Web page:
Typhoon Mangkhut intensified rapidly on Monday.  A circular eye was at the center of circulation.  A ring of strong thunderstorms surrounded the eye and the strongest winds were occurring in that ring of storms.  Several bands of showers and thunderstorms were revolving around the core of Typhoon Mangkhut.  Storms around the core were generating upper level divergence which was pumping mass away from the typhoon.

Winds to typhoon force extended out about 50 miles (80 km) from the center of circulation.  Winds to tropical storm force extended out about 210 miles (335 km) from the center.  The Hurricane Intensity Index (HII) for Typhoon Mangkhut was 28.2.  The Hurricane Size Index (HSI) was 18.9 and the Hurricane Wind Intensity Size Index (HWISI) was 47.1.

Typhoon Mangkhut will move through an environment capable of supporting very strong typhoons during the next two or three days.  Mangkhut will move over water where the Sea Surface Temperature is near 30°C.  It will move through a region where the upper level winds are weak and there will be little vertical wind shear.  Typhoon Mangkhut is likely to remain very strong for the next few days.  Eyewall replacement cycles could cause fluctuations in intensity.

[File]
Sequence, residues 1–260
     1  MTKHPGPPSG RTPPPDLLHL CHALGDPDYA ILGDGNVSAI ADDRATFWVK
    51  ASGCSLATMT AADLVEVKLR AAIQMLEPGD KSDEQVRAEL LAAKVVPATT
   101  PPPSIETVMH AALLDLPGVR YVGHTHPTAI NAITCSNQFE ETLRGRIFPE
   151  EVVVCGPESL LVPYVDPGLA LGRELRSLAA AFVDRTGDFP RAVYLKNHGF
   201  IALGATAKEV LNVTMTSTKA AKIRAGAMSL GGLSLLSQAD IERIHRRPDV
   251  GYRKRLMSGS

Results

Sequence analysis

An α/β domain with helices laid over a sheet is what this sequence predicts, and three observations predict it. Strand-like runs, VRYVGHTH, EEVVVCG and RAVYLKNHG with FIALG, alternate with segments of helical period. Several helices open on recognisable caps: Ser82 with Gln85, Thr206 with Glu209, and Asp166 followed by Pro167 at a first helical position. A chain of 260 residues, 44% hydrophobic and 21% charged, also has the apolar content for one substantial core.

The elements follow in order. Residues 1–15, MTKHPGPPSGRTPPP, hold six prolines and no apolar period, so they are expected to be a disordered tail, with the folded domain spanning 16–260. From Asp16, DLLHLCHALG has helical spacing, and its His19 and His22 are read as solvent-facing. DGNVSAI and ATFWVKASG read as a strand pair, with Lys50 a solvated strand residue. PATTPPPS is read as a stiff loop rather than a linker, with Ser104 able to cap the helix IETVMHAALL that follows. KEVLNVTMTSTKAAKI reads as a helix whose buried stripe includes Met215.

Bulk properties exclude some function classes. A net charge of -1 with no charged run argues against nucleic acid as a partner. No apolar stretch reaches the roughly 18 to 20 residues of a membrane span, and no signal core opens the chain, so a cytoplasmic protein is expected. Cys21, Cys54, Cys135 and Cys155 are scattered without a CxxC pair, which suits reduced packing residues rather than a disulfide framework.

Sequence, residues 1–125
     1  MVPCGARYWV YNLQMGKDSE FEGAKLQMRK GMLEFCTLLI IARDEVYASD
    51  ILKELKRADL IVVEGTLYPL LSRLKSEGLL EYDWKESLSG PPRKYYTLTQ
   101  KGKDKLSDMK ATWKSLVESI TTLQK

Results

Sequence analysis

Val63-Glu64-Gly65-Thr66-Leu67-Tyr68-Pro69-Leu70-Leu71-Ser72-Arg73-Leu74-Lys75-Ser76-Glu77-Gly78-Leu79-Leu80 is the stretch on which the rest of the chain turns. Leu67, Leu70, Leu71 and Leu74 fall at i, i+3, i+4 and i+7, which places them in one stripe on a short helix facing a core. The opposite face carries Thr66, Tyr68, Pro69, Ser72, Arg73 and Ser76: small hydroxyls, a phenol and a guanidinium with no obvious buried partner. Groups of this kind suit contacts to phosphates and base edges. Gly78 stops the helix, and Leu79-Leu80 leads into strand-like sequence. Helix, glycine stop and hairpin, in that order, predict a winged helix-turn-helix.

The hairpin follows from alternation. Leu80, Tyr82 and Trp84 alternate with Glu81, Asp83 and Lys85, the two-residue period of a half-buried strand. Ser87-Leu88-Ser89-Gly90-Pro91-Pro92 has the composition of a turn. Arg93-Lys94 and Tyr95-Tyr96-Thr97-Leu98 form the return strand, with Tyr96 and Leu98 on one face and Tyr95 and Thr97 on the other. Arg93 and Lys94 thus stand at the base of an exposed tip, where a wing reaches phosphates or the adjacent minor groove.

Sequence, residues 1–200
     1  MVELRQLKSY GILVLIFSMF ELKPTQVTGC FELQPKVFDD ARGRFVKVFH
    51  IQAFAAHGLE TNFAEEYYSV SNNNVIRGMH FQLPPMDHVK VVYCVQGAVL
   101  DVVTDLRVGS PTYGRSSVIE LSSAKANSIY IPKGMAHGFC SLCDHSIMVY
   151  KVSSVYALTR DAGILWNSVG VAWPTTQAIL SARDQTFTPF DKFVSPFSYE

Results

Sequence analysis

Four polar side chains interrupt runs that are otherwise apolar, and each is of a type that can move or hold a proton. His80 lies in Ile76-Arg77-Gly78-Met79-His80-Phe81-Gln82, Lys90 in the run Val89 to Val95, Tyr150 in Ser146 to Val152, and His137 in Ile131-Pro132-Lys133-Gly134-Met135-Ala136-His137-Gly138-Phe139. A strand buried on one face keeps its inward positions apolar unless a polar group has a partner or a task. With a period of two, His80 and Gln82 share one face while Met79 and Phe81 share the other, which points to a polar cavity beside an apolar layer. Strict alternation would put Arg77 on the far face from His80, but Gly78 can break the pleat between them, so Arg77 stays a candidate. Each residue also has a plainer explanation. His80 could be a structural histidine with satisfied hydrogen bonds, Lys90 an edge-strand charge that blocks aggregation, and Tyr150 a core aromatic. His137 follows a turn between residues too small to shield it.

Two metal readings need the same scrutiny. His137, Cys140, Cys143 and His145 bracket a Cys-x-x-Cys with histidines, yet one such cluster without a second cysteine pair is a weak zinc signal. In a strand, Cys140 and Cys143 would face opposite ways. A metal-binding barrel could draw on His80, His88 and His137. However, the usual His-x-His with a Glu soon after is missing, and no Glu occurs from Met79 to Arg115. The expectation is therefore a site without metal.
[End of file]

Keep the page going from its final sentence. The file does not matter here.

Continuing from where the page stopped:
Typhoon Mangkhut will move south of a ridge over the Western North Pacific Ocean.  The ridge will steer Mangkhut to the west during the next day or two.  Typhoon Mangkhut will move more toward the west-northwest later this week.  On its anticipated track Typhoon Mangkhut could be near northern Luzon in about four days.

Typhoon Mangkhut Brings Wind and Rain to the Marianas

Typhoon Mangkhut brought wind and rain to the Marianas on Sunday night.  At 11:00 p.m. EDT on Sunday the center of Typhoon Mangkhut was located at latitude 14.4°N and longitude 146.6°E which put it about 175 miles (285 km) east-northeast of Guam.  Mangkhut was moving toward the west at 19 m.p.h. (31 km/h).  The maximum sustained wind speed was 90 m.p.h. (145 km/h) and there were wind gusts to 115 m.p.h. (185 km/h).  The minimum surface pressure was 955 mb.  Typhoon Warnings were in effect for Saipan, Tinian, Rota and Guam.  The airport on Saipan was reporting sustained winds of 41 m.p.h. (66 km/h) and wind gusts to 61 m.p.h. (98 km/h).

Typhoon Mangkhut had a well organized circulation.  There was a circular eye at the center of Mangkhut.  A ring of strong thunderstorms surrounded the eye and the strongest winds were occurring in that ring of storms.  Several bands of showers and thunderstorms were revolving around the core of Typhoon Mangkhut.  Storms near the core were generating upper level divergence which was pumping mass away from the typhoon.